I came across a note about "Writing Words to Avoid." The note attributed the following list to 10 Easy Steps To Strong Writing, by Linda George, The Writer, Jan 2004.
Either the note writer or Linda said, "When writing that first draft, let 'em fly... then throw 'em from the train."
Here's the list:
- a little
- began to
- proceeded to
- sort of
- started to
- such that
I find this list useful not because these words should never be used, but because they need to earn their place in my manuscript. These are words we tend to use often in normal conversation and so they creep into our writing and dilute the ideas we're trying to convey.
For example, "almost" is occasionally useful to describing a degree of completion but it muddies the meaning when we use it to imply "a little less than." I kept the phrase, "... they had almost reached the trees when ..." (degree of completion) but removed the "almost" in the phrase "... he said, almost too brightly." The problem with the second, more common usage is that by saying what it almost is we're not saying what it is.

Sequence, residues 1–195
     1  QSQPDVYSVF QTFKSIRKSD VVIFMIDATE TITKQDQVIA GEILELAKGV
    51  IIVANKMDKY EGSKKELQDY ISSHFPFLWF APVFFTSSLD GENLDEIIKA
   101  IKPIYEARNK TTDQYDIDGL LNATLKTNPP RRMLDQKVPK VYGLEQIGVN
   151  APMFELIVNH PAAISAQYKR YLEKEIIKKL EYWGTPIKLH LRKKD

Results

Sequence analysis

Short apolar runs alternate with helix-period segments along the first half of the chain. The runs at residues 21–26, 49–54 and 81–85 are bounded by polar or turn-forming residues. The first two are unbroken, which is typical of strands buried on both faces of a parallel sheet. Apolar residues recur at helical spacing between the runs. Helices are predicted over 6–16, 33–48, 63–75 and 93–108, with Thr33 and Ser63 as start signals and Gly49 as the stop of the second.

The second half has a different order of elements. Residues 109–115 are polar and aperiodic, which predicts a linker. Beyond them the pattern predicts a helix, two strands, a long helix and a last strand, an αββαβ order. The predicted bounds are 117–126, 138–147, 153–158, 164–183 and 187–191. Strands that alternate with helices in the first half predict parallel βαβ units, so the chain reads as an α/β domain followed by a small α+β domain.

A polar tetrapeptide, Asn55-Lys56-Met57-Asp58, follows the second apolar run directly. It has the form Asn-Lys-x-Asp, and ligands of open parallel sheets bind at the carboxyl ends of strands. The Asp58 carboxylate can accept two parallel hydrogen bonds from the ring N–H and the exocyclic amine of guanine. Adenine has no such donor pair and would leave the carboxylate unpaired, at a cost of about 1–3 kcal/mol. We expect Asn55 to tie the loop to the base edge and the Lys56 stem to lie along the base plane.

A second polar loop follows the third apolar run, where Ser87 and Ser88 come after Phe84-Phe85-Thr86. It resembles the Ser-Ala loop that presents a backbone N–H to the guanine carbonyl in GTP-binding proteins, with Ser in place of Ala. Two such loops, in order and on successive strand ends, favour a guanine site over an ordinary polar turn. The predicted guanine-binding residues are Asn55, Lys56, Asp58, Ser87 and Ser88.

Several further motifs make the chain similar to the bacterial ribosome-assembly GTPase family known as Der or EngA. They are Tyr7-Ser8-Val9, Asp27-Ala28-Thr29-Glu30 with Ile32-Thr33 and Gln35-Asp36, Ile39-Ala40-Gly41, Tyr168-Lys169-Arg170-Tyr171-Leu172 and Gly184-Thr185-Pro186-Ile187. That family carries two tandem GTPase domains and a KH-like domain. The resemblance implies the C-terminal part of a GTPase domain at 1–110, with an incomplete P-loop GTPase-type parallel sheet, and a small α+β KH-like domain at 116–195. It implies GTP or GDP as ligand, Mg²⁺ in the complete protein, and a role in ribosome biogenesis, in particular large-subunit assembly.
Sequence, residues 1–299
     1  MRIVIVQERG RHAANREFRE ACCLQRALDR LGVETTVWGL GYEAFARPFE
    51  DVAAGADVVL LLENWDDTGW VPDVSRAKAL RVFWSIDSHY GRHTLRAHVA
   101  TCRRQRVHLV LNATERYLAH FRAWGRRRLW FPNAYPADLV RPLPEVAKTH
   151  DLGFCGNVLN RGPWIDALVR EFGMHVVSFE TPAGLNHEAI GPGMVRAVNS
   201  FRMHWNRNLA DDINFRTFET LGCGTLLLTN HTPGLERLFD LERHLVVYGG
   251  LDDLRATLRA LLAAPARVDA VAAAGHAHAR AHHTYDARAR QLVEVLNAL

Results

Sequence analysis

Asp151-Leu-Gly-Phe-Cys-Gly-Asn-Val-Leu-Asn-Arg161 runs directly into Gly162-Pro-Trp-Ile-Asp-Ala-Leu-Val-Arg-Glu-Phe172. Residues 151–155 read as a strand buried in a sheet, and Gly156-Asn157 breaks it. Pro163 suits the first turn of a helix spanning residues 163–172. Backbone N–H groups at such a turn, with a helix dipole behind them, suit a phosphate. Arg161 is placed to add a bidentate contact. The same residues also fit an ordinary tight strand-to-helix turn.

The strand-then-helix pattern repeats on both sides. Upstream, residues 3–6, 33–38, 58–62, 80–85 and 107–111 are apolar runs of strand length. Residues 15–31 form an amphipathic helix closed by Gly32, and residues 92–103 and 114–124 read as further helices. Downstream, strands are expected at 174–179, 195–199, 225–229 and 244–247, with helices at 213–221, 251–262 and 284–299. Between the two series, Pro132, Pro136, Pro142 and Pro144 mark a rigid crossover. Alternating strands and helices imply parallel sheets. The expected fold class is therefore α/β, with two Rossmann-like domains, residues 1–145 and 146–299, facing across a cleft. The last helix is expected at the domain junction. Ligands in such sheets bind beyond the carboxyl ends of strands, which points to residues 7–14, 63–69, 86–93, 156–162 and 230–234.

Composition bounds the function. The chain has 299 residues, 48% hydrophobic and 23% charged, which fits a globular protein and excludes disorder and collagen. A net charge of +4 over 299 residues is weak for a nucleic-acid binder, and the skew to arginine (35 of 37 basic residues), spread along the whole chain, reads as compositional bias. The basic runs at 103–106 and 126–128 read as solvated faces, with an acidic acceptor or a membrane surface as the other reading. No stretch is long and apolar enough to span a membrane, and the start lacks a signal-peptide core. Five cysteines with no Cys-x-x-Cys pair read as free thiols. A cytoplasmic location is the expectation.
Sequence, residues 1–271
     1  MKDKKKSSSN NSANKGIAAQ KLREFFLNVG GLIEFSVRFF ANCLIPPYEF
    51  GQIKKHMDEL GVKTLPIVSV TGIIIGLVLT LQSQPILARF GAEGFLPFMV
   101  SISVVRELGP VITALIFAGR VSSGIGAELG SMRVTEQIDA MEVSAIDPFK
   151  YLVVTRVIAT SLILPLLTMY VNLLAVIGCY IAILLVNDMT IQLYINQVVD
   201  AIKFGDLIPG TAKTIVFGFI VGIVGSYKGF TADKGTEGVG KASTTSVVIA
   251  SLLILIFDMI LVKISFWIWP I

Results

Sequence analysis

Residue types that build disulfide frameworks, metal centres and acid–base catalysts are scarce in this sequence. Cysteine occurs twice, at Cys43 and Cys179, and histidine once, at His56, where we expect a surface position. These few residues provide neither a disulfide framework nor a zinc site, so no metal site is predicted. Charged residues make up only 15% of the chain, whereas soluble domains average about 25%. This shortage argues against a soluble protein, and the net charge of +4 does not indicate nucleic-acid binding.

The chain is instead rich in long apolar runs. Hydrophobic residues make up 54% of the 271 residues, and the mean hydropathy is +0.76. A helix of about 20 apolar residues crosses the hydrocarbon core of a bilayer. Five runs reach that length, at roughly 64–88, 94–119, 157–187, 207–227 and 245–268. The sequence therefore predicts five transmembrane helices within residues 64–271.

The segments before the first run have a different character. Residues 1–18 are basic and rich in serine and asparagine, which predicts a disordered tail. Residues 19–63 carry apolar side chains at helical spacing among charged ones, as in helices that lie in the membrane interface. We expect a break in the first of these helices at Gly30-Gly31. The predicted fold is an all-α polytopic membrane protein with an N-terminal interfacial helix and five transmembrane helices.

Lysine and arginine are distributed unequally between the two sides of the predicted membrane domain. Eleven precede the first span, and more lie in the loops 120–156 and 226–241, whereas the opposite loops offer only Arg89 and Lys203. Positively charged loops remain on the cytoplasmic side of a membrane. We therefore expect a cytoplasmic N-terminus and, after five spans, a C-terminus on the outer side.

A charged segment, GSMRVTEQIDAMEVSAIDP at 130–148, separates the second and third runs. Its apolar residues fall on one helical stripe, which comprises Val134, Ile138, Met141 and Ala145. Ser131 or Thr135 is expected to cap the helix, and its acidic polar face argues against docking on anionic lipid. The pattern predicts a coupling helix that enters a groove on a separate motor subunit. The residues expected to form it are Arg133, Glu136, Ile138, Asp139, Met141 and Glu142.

Similarly, "began to," and "started to," are occasionally useful when it's important to know that something happened in the context of starting some action, as in, "he started to run and then tripped." Often, in our writing, we use "began to" and say what a character started to do when it would be clearer and more concise to say what they did.
And that's what it really comes down to: overused words like the ones in the list are suspect because they blur the meaning. They still have their places, but those places are almost always fewer than you thought in your first draft.
What other words you would add to this list?
Deren blogs daily at The Laws of Making.
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